She would comfort her Zeyda, the patriarch Jacob, by singing to him and offering words of consolation and hope. “Od Yosef chai” — “Joseph still lives” – she would sing again and again after Jacob was shown Joseph’s bloody coat. It was for having performed this great mitzvah of honoring and comforting her grandfather that she was granted her incredible longevity and wisdom.

Not every family has the merit of caring for elderly grandparents, so instead of resenting the mitzvah, teach your children to embrace it with love.

Long after your mother is called by G-d, your children will remember those special years when Grandma was part of their lives, and that is a treasure no one will ever be able to take from them. The best way to train children is through example. If you wish your children to feel the joy of the presence of their grandmother, then you and your husband will have to show them the way. Through your attitude you will have to demonstrate that to care for your mother is a privilege you wouldn’t barter for anything in the world.

Once you make your children active participants in this family responsibility, their resentment will disappear. Instead of feeling put upon, they will feel honored and want to give of themselves, and through that giving they will become better people. And one day, when old age catches up with you and your husband, your children will remember the love you showered on their Bubbie and, with G-d’s help, will impart the same to you.

As far as your friends are concerned, don’t let their opinions bother you. They are just parroting the meaningless words in vogue nowadays: “Think of your own happiness; don’t let anyone take advantage of you.” Can honoring one’s parents be regarded as being taken advantage of? What happiness can you have if your mother is hurting? Do your friends imagine you are a machine without a conscience who can simply block your mother out of your heart and mind?

Now, I do not minimize the sacrifice that is demanded of you, but we are a nation that has lived by these sacrifices – parents living for their children, and children, in turn, living for their parents. That’s what life is all about. Giving. The bottom line remains: if you inspire your family to join you in honoring Bubbie, that which at first glance seemed to cause a conflict will act as a catalyst to unite your household.

I can assure you that Bubbie will forever be enshrined in the hearts of your children as a legacy of love.

The Sprouting Of Mashiach

Wednesday, January 12th, 2011
           What is it about Tu B’Shevat?
            There are four “Roshei Hashanah.”
The First of Tishrei we all know about. That is the day we blow the shofar.
The First of Nissan and the First of Elul come and go in our times without much notice.
             But Tu B’Shevat is different. There is a sense of simcha, a sense of hope and many minhagim associated with it: we eat fruit and make a Shehecheyanu. We omit Tachanun.
           What is different about Tu B’Shevat?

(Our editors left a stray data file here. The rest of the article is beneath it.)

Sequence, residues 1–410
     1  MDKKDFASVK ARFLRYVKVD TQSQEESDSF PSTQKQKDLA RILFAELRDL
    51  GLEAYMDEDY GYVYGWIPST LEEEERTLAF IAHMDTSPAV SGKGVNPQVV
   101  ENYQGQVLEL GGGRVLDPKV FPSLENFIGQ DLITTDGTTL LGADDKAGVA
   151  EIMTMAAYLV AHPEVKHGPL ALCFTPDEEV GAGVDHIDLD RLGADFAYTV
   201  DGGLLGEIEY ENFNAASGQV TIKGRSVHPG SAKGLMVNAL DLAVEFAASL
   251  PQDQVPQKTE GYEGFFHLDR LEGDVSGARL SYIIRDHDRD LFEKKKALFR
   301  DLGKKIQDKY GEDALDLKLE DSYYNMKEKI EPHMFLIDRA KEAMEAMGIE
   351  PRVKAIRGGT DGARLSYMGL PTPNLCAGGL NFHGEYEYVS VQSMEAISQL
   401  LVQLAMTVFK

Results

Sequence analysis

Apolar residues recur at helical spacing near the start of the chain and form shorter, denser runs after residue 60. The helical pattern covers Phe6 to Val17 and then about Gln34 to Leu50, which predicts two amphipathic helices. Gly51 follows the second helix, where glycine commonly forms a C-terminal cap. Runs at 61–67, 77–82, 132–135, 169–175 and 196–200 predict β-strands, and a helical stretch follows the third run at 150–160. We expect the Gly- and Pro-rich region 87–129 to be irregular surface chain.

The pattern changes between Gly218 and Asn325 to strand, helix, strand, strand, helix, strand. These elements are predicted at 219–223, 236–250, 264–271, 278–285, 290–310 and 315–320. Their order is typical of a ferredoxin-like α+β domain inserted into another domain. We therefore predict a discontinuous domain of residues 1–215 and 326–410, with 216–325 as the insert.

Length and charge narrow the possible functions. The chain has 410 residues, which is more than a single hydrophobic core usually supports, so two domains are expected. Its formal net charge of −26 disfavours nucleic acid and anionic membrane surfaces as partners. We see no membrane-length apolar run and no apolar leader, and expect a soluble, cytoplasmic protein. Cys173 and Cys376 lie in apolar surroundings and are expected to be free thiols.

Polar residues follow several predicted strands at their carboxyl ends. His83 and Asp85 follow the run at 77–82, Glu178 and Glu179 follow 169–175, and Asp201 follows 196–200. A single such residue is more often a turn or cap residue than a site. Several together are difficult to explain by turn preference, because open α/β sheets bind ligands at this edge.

One reason for the simcha is the universal joy felt at the advent of spring, and Tu B’Shevat is a harbinger of spring. “For on this day the strength of the soil of Eretz Yisrael is renewed and it begins to yield its produce and demonstrate its inherent goodness” (Book of Our Heritage, page 331). Who does not experience a surge of hope when the snows melt, the air turns warm and the trees are filled with magnificent blossoms? It hints of techias hameisim, the resurrection of the dead.
   In fact, the blessing of techias hameisim in Shemoneh Esrei ends with the words “umatzmiach yeshuaand He causes salvation to sprout.”
   I would have thought the shofar sounding and Mashiach ben David riding in on a donkey is far from “sprouting,” but apparently not.
   Actually the blessing for Mashiach implies sprouting. Does it not say “tsemach David – the sprouting of David”?
   Why is Redemption compared to the agricultural process?
   I believe this can illuminate the nature of the geulah shelemah.
 
   Where did King David come from? His great-grandmother Ruth came from Moab, a nation founded in perversity and immorality (the relationship between Lot and his daughter). Mashiach is raised in darkness and appears from the most unlikely of all possible places. As we say in Psalms, “Even ma’asu habanim haisa l’rosh pina – the stone that the builders rejected has become the cornerstone .” (Psalm 118). This refers to David, according to the Targum. No one, not even David’s own family, wanted to believe David had been selected by God to be the redeemer of Israel.
   What is a seed and how does it germinate? It lies in blackness and obscurity, under the ground, unseen by the world. No one knows where it is. Some people forget about it completely, and during the winter it is buried under snow and ice in the frozen earth. It requires rain. From where does the seed arise? It comes from the fruits of the past, which have died and rejoined the earth after having nourished past generations.